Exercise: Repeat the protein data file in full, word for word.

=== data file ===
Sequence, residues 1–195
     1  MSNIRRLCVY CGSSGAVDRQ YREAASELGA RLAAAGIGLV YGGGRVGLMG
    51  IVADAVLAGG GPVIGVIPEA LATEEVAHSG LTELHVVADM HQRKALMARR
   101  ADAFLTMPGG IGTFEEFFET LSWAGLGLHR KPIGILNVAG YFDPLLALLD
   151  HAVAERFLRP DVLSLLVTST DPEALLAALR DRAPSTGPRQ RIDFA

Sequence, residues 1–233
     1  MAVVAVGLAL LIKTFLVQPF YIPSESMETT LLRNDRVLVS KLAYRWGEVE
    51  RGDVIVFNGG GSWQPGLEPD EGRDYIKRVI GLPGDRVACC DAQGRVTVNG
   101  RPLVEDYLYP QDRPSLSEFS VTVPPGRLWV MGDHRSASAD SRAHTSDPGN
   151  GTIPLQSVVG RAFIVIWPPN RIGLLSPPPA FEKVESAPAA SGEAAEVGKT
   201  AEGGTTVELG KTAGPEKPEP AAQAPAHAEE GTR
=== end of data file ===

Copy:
Sequence, residues 1–195
     1  MSNIRRLCVY CGSSGAVDRQ YREAASELGA RLAAAGIGLV YGGGRVGLMG
    51  IVADAVLAGG GPVIGVIPEA LATEEVAHSG LTELHVVADM HQRKALMARR
   101  ADAFLTMPGG IGTFEEFFET LSWAGLGLHR KPIGILNVAG YFDPLLALLD
   151  HAVAERFLRP DVLSLLVTST DPEALLAALR DRAPSTGPRQ RIDFA

Sequence, residues 1–233
     1  MAVVAVGLAL LIKTFLVQPF YIPSESMETT LLRNDRVLVS KLAYRWGEVE
    51  RGDVIVFNGG GSWQPGLEPD EGRDYIKRVI GLPGDRVACC DAQGRVTVNG
   101  RPLVEDYLYP QDRPSLSEFS VTVPPGRLWV MGDHRSASAD SRAHTSDPGN
   151  GTIPLQSVVG RAFIVIWPPN RIGLLSPPPA FEKVESAPAA SGEAAEVGKT
   201  AEGGTTVELG KTAGPEKPEP AAQAPAHAEE GTR